Critical Role — ‘I would like to rage’ tankard wrap
This particular bit of merch showcases the liberties you can take with the form of your merch- you’re not limited to pins and t-shirts! Not only does this incorporate the design elements mentioned above, but it takes an evocative form that is directly relevant to the source content (in this case, sword and sorcery RPGs). While the copy on this tankard wrap could also fit on something like a sweatband, it would change the entire tone of the product. Don’t forget to consider your audience!
Critical Role is a gaming podcast that follows the misadventures of a party of professional voice actors as they navigate various Dungeons and Dragons campaigns. Find a link to their podcast here.
3. Find the right online platform
Now that you’ve identified the form you want your merch to take and how it should look, it’s time to actually get it made and sold!
There are a few websites that can cover pretty much any basic bit of clothing or apparel you want to use for a merchandising campaign. Spreadshirt and Bonfire are good places to start if this is the route you want to take.
Alternatively, if you’re looking for something more specialized like the tankard wrap example I gave in the previous section, you could try commissioning custom items on a platform such as Etsy, though this might have a higher price-tag associated with it.
4. Promote your merch
Now that your merch has finally entered the world, it’s time to start raising awareness of it! Make sure you follow these core steps to have a successful launch:
Build suspense about your merch in your normal content
There are countless ways you can go about promoting your merchandise, and your imagination is the only thing that’s really holding you back. You might find that you’ll have the greatest success with a promotion effort that is uniquely linked to your content, so don’t be afraid to experiment and take a few risks!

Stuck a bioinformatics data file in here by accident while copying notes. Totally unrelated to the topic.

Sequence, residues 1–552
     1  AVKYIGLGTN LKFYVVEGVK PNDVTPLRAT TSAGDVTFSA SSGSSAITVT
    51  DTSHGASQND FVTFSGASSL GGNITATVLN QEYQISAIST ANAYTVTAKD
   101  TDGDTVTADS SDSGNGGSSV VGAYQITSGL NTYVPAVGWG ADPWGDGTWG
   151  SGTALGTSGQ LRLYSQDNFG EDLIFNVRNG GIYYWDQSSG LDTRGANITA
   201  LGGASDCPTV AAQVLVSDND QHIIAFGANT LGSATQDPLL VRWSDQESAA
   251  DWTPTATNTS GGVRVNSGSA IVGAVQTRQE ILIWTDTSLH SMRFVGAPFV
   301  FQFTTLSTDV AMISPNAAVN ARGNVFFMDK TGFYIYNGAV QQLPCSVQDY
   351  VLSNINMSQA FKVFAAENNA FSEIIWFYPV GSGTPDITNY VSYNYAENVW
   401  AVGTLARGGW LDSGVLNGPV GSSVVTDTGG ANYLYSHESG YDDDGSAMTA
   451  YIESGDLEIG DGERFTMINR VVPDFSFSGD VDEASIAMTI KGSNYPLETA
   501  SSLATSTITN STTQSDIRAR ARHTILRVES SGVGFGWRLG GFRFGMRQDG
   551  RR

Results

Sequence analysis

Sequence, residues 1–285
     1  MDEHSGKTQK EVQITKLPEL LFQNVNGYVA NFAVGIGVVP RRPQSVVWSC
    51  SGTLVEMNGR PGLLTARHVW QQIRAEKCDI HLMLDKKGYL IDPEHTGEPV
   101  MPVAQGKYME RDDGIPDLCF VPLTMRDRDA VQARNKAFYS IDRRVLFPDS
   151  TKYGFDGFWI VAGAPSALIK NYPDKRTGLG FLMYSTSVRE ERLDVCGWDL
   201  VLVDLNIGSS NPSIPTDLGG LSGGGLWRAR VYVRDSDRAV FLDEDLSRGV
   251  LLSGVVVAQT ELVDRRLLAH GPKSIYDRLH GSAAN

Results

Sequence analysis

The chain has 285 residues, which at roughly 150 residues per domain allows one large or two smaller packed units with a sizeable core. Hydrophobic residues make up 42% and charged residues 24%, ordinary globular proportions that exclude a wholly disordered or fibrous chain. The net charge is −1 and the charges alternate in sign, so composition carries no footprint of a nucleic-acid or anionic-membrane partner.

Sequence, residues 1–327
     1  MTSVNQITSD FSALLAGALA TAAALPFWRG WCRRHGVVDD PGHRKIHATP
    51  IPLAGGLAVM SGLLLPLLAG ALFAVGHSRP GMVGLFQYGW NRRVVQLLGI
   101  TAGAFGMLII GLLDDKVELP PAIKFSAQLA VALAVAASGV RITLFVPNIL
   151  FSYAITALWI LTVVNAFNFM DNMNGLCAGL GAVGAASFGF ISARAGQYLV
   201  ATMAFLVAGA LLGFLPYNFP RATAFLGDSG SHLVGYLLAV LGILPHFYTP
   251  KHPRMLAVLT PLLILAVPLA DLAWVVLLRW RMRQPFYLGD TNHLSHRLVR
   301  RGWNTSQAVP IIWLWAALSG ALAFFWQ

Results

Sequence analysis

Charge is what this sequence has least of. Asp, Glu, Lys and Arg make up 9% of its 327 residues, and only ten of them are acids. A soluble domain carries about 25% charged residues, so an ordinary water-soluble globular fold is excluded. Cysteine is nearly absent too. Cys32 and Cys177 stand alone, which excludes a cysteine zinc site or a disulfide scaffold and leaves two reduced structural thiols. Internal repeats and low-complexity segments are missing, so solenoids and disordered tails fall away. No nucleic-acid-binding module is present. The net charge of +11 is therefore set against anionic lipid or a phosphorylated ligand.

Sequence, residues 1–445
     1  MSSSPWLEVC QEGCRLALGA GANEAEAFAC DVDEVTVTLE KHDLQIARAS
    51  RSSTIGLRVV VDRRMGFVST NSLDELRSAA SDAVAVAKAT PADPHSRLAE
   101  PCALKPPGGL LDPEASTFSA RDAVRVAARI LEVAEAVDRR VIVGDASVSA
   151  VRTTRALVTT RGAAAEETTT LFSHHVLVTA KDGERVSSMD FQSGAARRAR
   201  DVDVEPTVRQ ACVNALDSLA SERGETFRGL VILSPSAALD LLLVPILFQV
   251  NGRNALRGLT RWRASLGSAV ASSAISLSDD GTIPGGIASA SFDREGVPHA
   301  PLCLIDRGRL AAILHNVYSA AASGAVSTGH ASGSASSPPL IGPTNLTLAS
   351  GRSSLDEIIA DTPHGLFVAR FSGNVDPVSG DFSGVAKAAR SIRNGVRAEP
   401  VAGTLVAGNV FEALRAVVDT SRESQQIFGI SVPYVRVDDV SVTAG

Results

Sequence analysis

5. Build engagement around your merch
It doesn’t stop with the promotion of your product, however. The beauty of social media is that you can (and should) continue the moment of your merch campaign in real time by soliciting feedback in the form of shares, pics, or posts about the product- make use of free user-generated content that your audience is giving you! Having your followers spread the word about your merch — particularly if it is linked to a new initiative on your end — is an excellent way to build your brand.
The final piece of this puzzle is to turn this promotion and engagement of your merchandise into something beyond simply financing the status-quo of your content. Once your campaign is off the ground, think about how you can use the new follower evangelism, brand awareness, and money to catalyze your content into a new space. This could be as simple as developing a new series or type of show to pitch for new sponsors or even partnering with a social advocacy group.
There you have it! Follow the five simple steps above to achieve honor and glory in the arena of content creation; woe betides any who would stand in the way of you and your now exquisitely decked-out disciples.
Piper is a former content associate at G2. Originally from Cincinnati, Ohio, they graduated from Kenyon College with a degree in Sociology. Their interests include podcasts, rock climbing, and understanding how people form systems of knowledge in the digital age. (they/them/theirs)